Nobody really needs an excuse to drink gin cocktails.
They are uniquely herbaceous, light, refreshing, and always delicious. Though if anyone really wanted to give you a side eye about it drop them as a friend, or, perhaps less aggressively, tell them it’s medicine.
In 1550 a Dutch physician named Franciscus Sylvius began prescribing a “distilled spirit with juniper berries” as a medicinal cure. Historically, he is thought of as “the father of gin”.
While Dr. Sylvius may be the “father” of gin, he is not necessarily the inventor.
In 70 AD, a Greek physician named Pedanius Dioscorides published an encyclopaedia on herbal medicine in which he described the use of malt wine-soaked juniper berries to cure chest ailments.
Later in the Early Middle Ages, 11th century Italian Monks, and other Alchemists across Europe were distilling “a malt wine spirit infused with juniper” medically, but also realized you could just have a nice little time.
Distilled spirits infused with juniper berries continued to be prescribed medicinally for centuries, and the ailments it was prescribed for was, basically, everything. Among these ailments were snake bites, gout, dyspepsia (indigestion), most kidney ailments, most stomach ailments, lumbago, the common cold, and something only described as “coward’s fist”.
This is even before gin’s besties, tonic and lime, got involved.
Gin, as it is consumed today, is a liquor derived from grain distillation flavoured with Juniper berries (or, more recently, extract), and gin didn’t technically become gin until Dutch-born Sir William of Orange took the English throne in 1688.
England was at war with France, and French Brandy became illegal to import.
A couple of thousand English soldiers had fought Spain in Holland during the Thirty Year War, and began drinking genever before they went into battle (which is where the phrase “Dutch courage” came from). In England they had a lot of access to cheap grain, and they began to produce their version of “genever”, which later became “ginever”, which was then just shortened to “gin”.
This is also when they began to infuse citrus and other botanicals during the distilling process.
In 1702, party girl, Queen Anne took the throne and removed most of the restrictions on gin distillation.
Resulting in the “English Gin Craze”; by 1720 historians say that one could find homemade gin in almost a quarter of the houses in London.
A bunch of stuff happened, and rich people were annoyed that poor people were “over consuming” gin, they very dramatically began to call it “Mother’s ruin”, and asked to speak to the manager.
British Parliament then spent 22 years imposing taxes and laws on the production of gin, pretty much making it so that for a time only the wealthy could drink gin in what they called “gin palaces”. The exception to this was is if it was prescribed medicinally, then at the beginning of the 19th century the British Navy would receive a daily allotment of gin.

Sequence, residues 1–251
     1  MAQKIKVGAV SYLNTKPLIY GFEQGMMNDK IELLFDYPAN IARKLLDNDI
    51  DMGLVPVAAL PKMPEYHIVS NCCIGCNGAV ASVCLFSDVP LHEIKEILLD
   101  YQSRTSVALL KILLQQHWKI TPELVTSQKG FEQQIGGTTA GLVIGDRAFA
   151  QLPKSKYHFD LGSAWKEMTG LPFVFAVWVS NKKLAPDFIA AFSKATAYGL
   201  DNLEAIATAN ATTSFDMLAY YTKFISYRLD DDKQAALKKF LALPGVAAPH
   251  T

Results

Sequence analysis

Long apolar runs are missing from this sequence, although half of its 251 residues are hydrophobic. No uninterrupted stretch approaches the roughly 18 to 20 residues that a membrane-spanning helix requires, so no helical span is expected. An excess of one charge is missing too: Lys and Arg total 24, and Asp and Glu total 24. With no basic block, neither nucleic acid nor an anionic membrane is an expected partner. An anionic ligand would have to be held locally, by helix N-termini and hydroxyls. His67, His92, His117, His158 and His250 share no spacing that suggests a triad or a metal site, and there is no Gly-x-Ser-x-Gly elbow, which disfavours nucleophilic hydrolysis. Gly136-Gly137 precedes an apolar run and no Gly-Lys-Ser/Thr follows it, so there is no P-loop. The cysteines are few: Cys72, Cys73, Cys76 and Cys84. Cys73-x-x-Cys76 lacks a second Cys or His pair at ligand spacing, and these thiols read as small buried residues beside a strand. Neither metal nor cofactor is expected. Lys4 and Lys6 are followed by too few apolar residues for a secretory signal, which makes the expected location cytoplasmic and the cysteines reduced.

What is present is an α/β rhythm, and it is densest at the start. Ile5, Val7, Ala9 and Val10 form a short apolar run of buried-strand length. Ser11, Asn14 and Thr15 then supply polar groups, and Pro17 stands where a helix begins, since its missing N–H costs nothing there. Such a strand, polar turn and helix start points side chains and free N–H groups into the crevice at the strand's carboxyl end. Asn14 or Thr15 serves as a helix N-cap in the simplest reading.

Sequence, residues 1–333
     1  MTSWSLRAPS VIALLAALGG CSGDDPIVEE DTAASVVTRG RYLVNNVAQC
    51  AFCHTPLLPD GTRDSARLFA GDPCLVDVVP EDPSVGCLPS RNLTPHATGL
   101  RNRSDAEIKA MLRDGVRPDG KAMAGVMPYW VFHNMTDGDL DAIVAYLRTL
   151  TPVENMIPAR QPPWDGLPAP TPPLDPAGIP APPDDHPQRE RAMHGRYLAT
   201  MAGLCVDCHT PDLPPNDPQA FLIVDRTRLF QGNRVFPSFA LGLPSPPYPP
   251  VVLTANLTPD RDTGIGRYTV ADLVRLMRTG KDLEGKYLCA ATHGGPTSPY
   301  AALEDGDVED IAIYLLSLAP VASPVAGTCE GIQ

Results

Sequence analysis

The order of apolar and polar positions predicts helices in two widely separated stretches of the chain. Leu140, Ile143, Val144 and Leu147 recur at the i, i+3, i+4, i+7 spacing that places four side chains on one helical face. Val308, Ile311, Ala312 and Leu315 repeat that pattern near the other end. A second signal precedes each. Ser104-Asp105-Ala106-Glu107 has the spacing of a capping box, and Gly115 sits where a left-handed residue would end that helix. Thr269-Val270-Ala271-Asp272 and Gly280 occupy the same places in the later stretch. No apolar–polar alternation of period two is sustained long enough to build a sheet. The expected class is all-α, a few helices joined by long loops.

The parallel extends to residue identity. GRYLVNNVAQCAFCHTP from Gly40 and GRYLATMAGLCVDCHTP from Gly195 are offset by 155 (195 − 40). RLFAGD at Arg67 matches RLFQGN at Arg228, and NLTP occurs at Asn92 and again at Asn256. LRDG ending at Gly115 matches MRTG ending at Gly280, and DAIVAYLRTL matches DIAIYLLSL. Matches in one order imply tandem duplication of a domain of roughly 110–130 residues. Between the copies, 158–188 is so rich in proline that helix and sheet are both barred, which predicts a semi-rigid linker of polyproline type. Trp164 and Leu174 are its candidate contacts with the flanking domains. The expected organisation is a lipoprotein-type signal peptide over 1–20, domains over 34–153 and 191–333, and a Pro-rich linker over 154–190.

This is where gin meets tonic and lime, and their forever love begins.
While all of that was happening in England, one of the many places they were colonizing was India (fun fact: “loot” is an Indian-derived word that made it into English vernacular meaning “the pillaged spoils of war”)
While the East India Company was posted up, malaria had become a huge persistent problem for the Europeans.
Quinine was a traditional cure for malaria, and was drunk in a tonic, but tasted gross. The British Navy began putting their allotment of gin, along with water, sugar and lime, in with their quinine tonic, to make it more palatable. Which is how we got the Gin & Tonic. Today tonic water still contains quinine, but a much smaller amount, and the sugar is already in there.
The gin gimlet was also invented at this time.
The members of the British Navy that were out at sea needed a way to fight scurvy. A brand called Rose’s created a lime juice as a way to have large amounts out at sea without it going bad, and a naval doctor named Sir Thomas Gimlette would pair the juice with gin and give it to sailors as a medicine (the gin itself doesn’t help to fight the scurvy, just the demons).
During prohibition in the United States in the 1920’s, the only legal loophole to receive any type of liquor is if it was prescribed to you by a permit-holding physician.
One of the few liquors that was still allowed to be distilled in incredibly small batches was gin
(if you’ve ever been to Chicago, you’ll know the extremely delicious Malort was also one of these few medicinal liquors).
Still today gin is considered to have medicinal properties. Maybe not enough to be prescribed by a doctor, but juniper berries are considered a “superfood”. It’s claimed they can help fight infection, inflammation, achy joints, prevent heart disease, improve blood circulation and even help fight kidney and liver disease.
So tonight we at Zart are prescribing you a gin & tonic or three, and a cheers to your health.